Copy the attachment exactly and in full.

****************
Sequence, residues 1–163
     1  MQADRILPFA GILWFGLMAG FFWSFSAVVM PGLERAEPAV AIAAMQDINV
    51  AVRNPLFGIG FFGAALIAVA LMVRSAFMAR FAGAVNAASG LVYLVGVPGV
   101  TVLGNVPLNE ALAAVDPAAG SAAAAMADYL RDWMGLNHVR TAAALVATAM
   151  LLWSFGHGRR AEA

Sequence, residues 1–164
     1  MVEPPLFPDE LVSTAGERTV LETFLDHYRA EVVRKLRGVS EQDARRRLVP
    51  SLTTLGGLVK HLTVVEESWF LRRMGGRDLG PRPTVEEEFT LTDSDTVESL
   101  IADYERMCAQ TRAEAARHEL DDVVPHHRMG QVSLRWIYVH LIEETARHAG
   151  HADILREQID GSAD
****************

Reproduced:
Sequence, residues 1–163
     1  MQADRILPFA GILWFGLMAG FFWSFSAVVM PGLERAEPAV AIAAMQDINV
    51  AVRNPLFGIG FFGAALIAVA LMVRSAFMAR FAGAVNAASG LVYLVGVPGV
   101  TVLGNVPLNE ALAAVDPAAG SAAAAMADYL RDWMGLNHVR TAAALVATAM
   151  LLWSFGHGRR AEA

Sequence, residues 1–164
     1  MVEPPLFPDE LVSTAGERTV LETFLDHYRA EVVRKLRGVS EQDARRRLVP
    51  SLTTLGGLVK HLTVVEESWF LRRMGGRDLG PRPTVEEEFT LTDSDTVESL
   101  IADYERMCAQ TRAEAARHEL DDVVPHHRMG QVSLRWIYVH LIEETARHAG
   151  HADILREQID GSAD